# Discount Factor

## What is a “Discount Factor”?

The term “discount factor” in financial modeling is most commonly used to compute the present value of future cash flows values. It is a weighting factor (or a decimal number) that is multiplied by the future cash flow to discount it to the present value. Simply put, it is a conversion factor when computing the time value of money.

The discount factor is used most commonly when doing valuation using DCF analysis to compute the present value of future cash flow of each period or year. It is also used to calculate the net present value (NPV) which can be used to determine the net future value of an investment. The discount factor is also used by investors in the short-term money market, pension, and insurance companies, and to obtain future investment values.

In financial modeling, once we obtain the undiscounted cash flows for the projected years or the years to come, we need to calculate their present value to evaluate whether the investment is profitable or not and how much is that company worth. The advantage of using the discount factor is that it makes financial modeling more accurate.

## Key Learning Points

- A discount factor is a weighting factor that helps convert future values into the present
- The discount factor is computed through a formula that includes the discount rate (%) and the year or period number (for example year 1 to 10)
- The decimal value of the discount factor gets smaller, as we go along from year 1 to 10 due to the effect of compounding that builds over time

## Discount Factor – Formula

The discount factor is used by analysts when carrying out financial modeling in excel. The formula to calculate it is stated below:

Discount Factor = 1/1(1*(1 + Discount Rate) ^ Year or Period Number)

If we are given the discount rate (%) then we can use the aforesaid formula in an excel spreadsheet to calculate the discount factor for each period (for example, years 1 to 10).

Once we obtain the discount factor for each period, we can multiply the same with the undiscounted cash flow for each period to obtain the discounted cash flow for each period. Thereafter, we derive the total net present value (NPV) of the cash flows – which can be calculated by adding up the individual discounted cash flows for each period (i.e. years 1 to 10). We can also do this by using the NPA formula in excel.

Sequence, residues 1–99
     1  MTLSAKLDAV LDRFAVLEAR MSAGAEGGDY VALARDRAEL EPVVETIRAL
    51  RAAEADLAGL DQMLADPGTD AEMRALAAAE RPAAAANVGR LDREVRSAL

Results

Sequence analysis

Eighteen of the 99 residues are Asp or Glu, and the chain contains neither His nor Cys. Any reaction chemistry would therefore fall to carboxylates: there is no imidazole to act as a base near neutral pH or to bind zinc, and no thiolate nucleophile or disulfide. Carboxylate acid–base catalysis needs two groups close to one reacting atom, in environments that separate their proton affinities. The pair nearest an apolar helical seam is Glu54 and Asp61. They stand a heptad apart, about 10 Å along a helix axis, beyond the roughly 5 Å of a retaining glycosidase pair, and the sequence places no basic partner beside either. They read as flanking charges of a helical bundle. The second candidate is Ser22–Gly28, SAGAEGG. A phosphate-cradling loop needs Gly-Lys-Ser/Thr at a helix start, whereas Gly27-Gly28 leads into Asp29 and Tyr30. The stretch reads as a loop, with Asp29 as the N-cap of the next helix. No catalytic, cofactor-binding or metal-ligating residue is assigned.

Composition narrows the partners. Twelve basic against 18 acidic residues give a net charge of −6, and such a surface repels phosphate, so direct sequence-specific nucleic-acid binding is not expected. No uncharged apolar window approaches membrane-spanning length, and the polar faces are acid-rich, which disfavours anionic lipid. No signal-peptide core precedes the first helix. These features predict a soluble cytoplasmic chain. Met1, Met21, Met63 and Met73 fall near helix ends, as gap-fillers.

A key point to remember is that to arrive at or obtain the present value of the individual cash flow of any particular period (or year), we multiply the undiscounted cash flow of that period by the discount factor of that period. The choice of the discount rate (%) greatly affects the discount factor value. The discount rate is the rate of return that a project needs to earn to be acceptable to the investor. Using a discount factor enables the analyst to specify the number of days in each period.

Discounting cash flows enables the investor to assess the opportunity cost of undertaking the investment and take into account the time value of money, financing structure, and the risks involved in investing in a particular company vis-à-visor relative to the market.

The discount factor formula is important, as it makes it easier to verify the DCF analysis and obtain more clarity in the net present value (NPV) when conducting financial modeling in excel. The formula enables analysts to view the impact of compounding more clearly for each period.

## Discount Factor, Example

Given below is an example, where we first calculate a discount factor for each year (period 1 to 10) and then multiply the same by the undiscounted cash flow value in that year to discount it back to its present value. You will notice that the decimal value of the discount factor gets smaller, as we go along from year 1 to 10. This is due to the effect of compounding that builds over time.

Let us assume that each year a company generates US$130,000 in undiscounted cash flows. We need to calculate the present value for each of these years and then sum them up to get the net present value of the cash flows. For each year we need to use a different discount factor.

In year 5, we use the discount factor formula and obtain the value of the discount factor (0.681). Now, if the undiscounted cash flow in year 5 is $130,000, then we multiply it by 0.681 to get the present value of this cash flow (discounted cash flow), in this case, $88,475.8. We do likewise for all years. Thereafter, we calculate the total NPV ($872, 301.6) by adding all the individual discounted cash flows from year 1 to 10.